FFS is committed to fair treatment and transparency in its programming. As festivals eke revenue from submitting filmmakers, we think it’s only fair that we disclose how we program and why.

:: ETHOS ::

FFS want to present a globalised vision of the complex identities and experiences of female and female identifying creatives. We have no preference for what’s on screen but we do have a minimum quota for who made what ends up on screen. We prioritise the films that have been submitted to us first and then we work with distributors and filmmakers to present a catch up on what’s been happening abroad in female film.


FFS works closely with academic findings and literature to understand what parity looks like on film sets. We found that the regular ‘three tick test’ (that is three of the following four roles of writer, producer, director and lead protagonist) excludes a key role that often can tip the balance in favour of ethical best practice - cinematographer.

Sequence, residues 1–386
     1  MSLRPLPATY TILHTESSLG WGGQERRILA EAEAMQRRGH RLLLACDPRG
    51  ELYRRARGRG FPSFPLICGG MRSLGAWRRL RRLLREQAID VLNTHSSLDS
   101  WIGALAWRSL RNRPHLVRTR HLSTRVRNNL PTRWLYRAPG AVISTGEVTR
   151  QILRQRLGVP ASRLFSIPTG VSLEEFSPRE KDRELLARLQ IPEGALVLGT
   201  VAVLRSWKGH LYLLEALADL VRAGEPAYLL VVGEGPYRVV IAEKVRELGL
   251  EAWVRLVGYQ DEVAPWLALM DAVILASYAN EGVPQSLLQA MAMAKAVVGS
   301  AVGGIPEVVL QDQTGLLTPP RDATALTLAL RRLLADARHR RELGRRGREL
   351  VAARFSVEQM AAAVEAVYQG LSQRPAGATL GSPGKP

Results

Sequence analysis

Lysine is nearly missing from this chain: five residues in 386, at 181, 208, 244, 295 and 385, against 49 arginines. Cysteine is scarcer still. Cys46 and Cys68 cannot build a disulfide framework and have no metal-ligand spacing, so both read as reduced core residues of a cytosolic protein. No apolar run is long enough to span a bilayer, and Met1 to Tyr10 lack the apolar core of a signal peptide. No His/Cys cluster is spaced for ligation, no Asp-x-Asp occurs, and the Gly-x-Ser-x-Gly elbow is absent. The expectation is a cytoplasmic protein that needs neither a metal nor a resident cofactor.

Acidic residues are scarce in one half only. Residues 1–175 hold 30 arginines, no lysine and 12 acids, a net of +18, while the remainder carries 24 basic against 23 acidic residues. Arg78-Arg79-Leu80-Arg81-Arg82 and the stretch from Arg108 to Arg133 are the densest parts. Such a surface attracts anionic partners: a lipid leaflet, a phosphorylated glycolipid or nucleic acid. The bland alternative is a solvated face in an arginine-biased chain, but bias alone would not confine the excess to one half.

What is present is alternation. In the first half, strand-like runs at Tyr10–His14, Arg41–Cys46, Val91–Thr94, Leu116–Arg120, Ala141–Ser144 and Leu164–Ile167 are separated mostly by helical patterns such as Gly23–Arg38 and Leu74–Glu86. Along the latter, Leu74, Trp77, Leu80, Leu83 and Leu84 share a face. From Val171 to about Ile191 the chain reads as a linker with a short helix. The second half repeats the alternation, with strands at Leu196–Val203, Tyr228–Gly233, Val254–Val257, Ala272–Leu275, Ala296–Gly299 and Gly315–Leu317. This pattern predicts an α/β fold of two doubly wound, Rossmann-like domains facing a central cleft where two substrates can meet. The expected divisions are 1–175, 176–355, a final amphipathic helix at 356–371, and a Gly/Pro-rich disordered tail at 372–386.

We add that role into our minimum requirement meaning films that have three of the following five roles - writer, producer, director, cinematographer and lead protagonist, filled by female or female identifying creators are eligible for inclusion. Parity is not about women working exclusively with women (we do that already, not by choice but by necessity) but more so about creating balanced teams of creators all committed to creating great onscreen stories.


Last year FFS had a total of 336 submissions across all its programming streams (features, shorts, online) and from that we programmed 28 works and sourced a further 20 works direct from distributors or filmmakers. That means that if you submitted to FFS you have roughly an 8% chance of being programmed, or a one in twelve chance of getting screened. Other Festivals are yet to get on the transparency bandwagon but rest assured, they are gonna have to. Oh, and just for comparison sake, if you’re a female filmmaker and submitted to Sundance as a relative unknown you would have roughly one in five hundred chance of being selected. We’re not saying don’t submit but do remember that the festival circuit, like all parts of the film industry, is influenced by unconscious and unfortunately conscious bias, and often it’s the fees of the smallest fish that end up paying for the big parties.